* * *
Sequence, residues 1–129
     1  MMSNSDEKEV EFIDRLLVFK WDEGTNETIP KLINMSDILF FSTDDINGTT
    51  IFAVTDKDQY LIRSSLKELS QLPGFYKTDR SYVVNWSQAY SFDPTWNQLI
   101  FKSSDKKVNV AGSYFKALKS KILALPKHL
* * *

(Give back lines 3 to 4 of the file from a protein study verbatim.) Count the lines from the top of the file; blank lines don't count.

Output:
    51  IFAVTDKDQY LIRSSLKELS QLPGFYKTDR SYVVNWSQAY SFDPTWNQLI
   101  FKSSDKKVNV AGSYFKALKS KILALPKHL